Rachel Lietzke Payne started using NuvaRing in 2008, when she was a 20<year<old college student. The contraceptive device appealed to her because it was easy to use. Birth control pills have to be taken every day, but NuvaRing didn’t —and was said to be just as effective at preventing pregnancy.
One Monday in October of 2010, more than a year after she first began using the vaginal ring, Payne met her father for a standing lunch date at Buffalo Wild Wings in Casselberry, north of where they lived in Orlando. When she and her dad walked out of the restaurant, Payne suddenly fell ill and spat up quarter<size chunks of blood onto the cement.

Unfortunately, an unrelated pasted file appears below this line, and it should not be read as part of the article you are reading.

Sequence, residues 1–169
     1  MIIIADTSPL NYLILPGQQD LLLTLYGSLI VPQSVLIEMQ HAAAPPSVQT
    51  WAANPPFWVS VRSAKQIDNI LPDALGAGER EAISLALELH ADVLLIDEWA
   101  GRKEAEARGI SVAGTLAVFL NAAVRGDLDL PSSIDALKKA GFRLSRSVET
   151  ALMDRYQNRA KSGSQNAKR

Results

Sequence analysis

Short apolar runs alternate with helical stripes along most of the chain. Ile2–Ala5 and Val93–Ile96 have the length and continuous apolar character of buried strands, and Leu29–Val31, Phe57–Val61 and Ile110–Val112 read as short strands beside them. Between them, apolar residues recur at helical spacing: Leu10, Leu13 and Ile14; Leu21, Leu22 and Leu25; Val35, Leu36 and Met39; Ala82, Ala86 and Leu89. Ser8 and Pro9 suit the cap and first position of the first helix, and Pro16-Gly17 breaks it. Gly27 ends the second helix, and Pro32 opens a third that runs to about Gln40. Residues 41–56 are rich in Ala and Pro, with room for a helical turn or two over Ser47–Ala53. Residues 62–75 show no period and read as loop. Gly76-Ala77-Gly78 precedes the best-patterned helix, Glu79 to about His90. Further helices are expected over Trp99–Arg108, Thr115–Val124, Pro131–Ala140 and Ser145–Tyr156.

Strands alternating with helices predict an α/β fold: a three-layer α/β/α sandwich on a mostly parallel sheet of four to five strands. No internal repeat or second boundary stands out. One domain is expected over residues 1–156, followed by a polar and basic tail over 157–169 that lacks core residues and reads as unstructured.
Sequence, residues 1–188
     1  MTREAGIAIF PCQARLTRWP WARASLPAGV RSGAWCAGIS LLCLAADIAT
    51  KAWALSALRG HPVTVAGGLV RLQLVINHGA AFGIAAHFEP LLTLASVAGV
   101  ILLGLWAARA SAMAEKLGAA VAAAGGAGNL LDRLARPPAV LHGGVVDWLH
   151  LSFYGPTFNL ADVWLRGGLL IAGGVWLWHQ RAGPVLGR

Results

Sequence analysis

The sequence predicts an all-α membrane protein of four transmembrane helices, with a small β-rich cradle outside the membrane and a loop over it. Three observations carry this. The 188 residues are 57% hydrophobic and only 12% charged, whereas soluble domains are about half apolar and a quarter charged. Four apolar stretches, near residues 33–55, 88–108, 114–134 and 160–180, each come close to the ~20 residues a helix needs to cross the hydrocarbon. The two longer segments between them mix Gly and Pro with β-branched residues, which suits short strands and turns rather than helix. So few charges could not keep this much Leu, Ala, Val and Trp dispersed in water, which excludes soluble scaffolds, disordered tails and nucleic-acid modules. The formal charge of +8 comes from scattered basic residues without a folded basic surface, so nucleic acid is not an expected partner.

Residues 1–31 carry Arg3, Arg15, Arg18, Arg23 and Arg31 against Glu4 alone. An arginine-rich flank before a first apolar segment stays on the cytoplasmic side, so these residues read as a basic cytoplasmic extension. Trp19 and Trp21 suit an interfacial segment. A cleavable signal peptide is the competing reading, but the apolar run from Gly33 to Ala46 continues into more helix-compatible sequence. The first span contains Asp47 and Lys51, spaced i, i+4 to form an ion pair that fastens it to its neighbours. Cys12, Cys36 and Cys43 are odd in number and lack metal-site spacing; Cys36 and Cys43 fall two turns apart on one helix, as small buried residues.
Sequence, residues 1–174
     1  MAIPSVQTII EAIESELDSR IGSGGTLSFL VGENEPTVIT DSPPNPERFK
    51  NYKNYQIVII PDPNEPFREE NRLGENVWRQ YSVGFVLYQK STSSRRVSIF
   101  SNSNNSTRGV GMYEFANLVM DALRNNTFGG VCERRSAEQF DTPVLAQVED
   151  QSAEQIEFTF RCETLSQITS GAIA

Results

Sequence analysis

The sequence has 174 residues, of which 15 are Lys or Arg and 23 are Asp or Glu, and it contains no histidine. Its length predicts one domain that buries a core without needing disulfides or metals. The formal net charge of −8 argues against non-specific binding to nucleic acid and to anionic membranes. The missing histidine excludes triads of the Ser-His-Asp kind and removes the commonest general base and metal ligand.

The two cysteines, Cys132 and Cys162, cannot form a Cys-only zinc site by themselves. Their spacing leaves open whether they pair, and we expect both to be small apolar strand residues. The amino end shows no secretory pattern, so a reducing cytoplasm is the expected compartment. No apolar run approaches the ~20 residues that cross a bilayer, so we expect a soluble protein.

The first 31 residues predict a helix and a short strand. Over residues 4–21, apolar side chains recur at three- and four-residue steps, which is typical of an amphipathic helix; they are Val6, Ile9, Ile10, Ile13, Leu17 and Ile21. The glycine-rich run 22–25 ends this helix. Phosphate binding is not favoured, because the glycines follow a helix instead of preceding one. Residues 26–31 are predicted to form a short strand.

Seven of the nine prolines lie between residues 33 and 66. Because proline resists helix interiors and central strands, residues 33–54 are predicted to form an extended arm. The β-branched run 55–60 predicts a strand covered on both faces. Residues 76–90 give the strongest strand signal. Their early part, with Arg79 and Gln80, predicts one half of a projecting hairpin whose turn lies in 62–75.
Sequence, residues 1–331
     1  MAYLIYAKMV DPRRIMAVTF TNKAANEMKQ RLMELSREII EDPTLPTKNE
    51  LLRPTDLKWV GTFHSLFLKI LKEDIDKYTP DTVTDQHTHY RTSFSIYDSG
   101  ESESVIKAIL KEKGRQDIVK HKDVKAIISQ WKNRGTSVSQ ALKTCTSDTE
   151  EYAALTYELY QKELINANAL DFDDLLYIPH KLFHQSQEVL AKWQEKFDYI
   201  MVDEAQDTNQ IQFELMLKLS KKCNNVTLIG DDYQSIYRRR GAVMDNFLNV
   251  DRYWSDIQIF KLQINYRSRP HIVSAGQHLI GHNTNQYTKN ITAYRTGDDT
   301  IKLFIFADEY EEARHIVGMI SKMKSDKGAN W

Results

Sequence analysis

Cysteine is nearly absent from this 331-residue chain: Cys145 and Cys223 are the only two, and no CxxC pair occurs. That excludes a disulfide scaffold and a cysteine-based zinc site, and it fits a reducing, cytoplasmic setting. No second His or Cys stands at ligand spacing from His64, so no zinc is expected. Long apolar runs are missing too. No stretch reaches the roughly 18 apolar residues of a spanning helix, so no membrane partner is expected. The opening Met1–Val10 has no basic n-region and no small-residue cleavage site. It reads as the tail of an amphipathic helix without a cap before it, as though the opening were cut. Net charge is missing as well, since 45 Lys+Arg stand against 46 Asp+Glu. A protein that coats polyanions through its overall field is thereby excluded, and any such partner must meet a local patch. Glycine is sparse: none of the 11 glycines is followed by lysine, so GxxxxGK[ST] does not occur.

Payne was rushed to the hospital, where she spent 10 days being pumped with anticoagulants to thin her blood. She was diagnosed as having developed a blood clot in her lung, a condition that could have been fatal. “It took them a while to figure out that it was blood clots, because I was 22 at the time,” said Payne, who is now a married 25<year<old aspiring air traffic controller with a toddler son. She was also a nonsmoker and fit, and she had no family history of blood clots, all potential risk factors.
But her doctors landed on what they believed might have caused the clotting: the NuvaRing.